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I'm implementing a pipe using shared memory. I should write and touch only the library, and not the main().

I encountered a problem:

Lets say this is the main() of some user who uses my library shared_memory_pipe.h:

#include "shared_memory_pipe.h"

int main() {
    int fd[2];
    if (fork()) {
        while(1) {}

In this example we see that child closes both of his fd's, but the father is stuck on an infinite loop, and never closes his fd's. In this case my pipe should still exists (compared to a case when all writing fd's are closed, or all reading fd's are closed, or all are closed, so the pipe should die).

As I said before, I write only the library, (shared_memory_pipe.h). So, inside the library, how can I know if a fork() has been made?

How can I know that there is another process who has a reading/writing end to my shared memory pipe, so I'll know to close/not close my shared memory pipe?

I heard something about a command who knows that there was a fork() or something like that, but I didn't find it and I don't know it.

Thanks ahead! Please ask if you need more information.

share|improve this question

Before any fork the parent can store the result of getpid() to a global pid_t pid_parent.

Than at a later point in time the process cann test against pid_parent using getpid() again.

If than getpid()'s result is different from pid_parent the process is at least one fork() away from the parent.

share|improve this answer
I didn't understand, I don't write the main(), I can't do that there. and if I'll do that on the library, then there are some cases when the child might never use any function of the library, so I could never know what his pid – hudac Jan 18 '13 at 14:05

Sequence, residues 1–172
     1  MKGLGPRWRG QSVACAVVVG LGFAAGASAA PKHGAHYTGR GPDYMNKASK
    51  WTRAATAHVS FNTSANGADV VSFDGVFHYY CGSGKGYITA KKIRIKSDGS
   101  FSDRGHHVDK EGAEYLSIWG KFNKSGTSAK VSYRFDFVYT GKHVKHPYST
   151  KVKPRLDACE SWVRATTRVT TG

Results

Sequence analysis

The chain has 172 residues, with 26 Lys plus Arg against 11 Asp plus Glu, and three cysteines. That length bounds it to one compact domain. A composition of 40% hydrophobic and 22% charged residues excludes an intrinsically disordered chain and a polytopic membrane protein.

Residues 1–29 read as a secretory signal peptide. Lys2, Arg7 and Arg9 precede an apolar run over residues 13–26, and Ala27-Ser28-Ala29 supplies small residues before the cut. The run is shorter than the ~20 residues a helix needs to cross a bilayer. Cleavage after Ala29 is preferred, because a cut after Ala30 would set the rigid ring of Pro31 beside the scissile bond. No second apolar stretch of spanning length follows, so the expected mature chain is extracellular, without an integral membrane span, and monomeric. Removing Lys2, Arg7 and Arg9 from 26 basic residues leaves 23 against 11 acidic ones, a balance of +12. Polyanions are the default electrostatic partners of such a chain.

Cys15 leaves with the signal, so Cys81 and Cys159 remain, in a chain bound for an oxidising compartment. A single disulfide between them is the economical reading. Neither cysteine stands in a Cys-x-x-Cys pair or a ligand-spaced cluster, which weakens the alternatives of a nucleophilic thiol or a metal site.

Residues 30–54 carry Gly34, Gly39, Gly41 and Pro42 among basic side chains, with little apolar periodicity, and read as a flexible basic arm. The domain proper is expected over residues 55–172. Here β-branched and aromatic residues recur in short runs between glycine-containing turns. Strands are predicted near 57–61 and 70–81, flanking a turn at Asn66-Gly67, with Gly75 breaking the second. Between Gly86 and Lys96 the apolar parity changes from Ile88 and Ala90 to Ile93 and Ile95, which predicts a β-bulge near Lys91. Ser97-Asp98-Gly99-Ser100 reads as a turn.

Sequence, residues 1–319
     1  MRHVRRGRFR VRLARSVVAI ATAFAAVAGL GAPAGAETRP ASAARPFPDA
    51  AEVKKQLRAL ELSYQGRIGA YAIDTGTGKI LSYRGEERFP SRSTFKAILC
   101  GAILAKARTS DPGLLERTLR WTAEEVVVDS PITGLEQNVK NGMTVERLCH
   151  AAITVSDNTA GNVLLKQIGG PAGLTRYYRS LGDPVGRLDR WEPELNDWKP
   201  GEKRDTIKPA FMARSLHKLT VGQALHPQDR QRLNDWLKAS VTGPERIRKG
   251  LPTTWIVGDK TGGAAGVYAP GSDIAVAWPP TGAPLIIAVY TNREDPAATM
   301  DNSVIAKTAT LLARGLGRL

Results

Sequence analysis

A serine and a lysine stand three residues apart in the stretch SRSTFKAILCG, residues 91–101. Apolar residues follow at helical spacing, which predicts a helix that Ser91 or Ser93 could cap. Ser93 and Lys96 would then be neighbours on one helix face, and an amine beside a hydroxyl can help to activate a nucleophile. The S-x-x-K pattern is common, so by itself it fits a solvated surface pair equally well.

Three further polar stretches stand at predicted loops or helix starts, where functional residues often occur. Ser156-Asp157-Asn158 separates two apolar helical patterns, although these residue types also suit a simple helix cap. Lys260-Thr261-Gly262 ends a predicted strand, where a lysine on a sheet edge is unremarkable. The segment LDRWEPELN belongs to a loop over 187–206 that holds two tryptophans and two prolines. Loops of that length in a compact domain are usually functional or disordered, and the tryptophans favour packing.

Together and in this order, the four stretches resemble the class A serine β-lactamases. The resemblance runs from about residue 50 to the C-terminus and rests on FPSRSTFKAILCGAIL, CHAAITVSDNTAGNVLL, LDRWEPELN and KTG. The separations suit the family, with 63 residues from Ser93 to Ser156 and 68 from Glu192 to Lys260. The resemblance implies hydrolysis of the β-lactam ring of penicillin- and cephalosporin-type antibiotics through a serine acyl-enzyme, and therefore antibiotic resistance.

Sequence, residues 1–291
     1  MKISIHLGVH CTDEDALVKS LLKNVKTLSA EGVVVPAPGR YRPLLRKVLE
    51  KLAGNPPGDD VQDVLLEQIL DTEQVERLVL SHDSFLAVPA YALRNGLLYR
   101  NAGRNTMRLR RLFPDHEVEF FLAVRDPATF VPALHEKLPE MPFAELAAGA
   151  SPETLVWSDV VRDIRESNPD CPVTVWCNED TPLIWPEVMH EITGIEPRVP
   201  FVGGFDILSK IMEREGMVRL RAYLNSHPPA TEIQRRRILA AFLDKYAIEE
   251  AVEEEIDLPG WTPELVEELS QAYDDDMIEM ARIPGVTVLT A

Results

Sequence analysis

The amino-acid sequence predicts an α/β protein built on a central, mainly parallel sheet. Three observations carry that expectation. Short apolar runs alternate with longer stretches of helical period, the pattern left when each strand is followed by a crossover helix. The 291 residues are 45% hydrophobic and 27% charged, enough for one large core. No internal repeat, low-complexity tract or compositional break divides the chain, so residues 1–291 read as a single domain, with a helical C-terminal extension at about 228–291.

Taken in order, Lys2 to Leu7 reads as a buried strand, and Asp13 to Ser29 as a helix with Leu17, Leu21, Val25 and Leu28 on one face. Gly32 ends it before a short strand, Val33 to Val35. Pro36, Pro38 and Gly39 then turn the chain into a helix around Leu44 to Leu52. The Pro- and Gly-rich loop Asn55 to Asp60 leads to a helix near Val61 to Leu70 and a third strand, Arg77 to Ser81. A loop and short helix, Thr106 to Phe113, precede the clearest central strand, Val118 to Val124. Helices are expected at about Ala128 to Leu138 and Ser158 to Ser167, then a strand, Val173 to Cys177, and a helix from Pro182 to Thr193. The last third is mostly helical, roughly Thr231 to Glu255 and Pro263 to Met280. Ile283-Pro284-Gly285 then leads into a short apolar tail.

Which part of the code is responsible for closing the fd's?

If it is the user's code then a fork() is not your problem. After all, the caller could do an execve to a different program (a common use of anonymous pipes) so your library code is now gone from the process, even though the fd's are still open, so there is no way you can handle that.

If you have a library API to close the FDs, then that's all you can do. An exec'ed program would not call your library anyhow.

share|improve this answer
I just edited my question cause I didn't write the close() correct, The main() should close the shared memory pipe, exactly as a real pipe, after pipe(fd), you should do close(fd[0]), close(fd1[1]) – hudac Jan 18 '13 at 14:36
@hudac: OK, so if it is main's responsibility to close the fd's, not the library, then how is that your responsibility when they don't close the fd's correctly? For example, they could close one fd but not the other. – cdarke Jan 18 '13 at 15:13
That's right, the user can do whatever he wants... The question is: how to track the open fd's ? how can I know for example if all processes closed their writing side of a specific fd ? because if all processes closed their writing side of a specific fd, then, as a normal pipe, I should delete the pipe, Isn't it? – hudac Jan 18 '13 at 15:43
The pipe will stay open while the fd's are open. You can't specifically delete an anonymous pipe anyhow. But I'm confused, what do you mean by "normal pipe", and what is a "shared memory pipe". Are you using shmget etc., or are you using a fifo? – cdarke Jan 18 '13 at 16:29
I can't delete an anonymous pipe, but if I close() the write fd in every process, then the pipe will be deleted. By "normal pipe" I meant to pipe(fd), and "shared memory pipe" is my implementation of a pipe with shared memory (shmget etc...) – hudac Jan 18 '13 at 20:20

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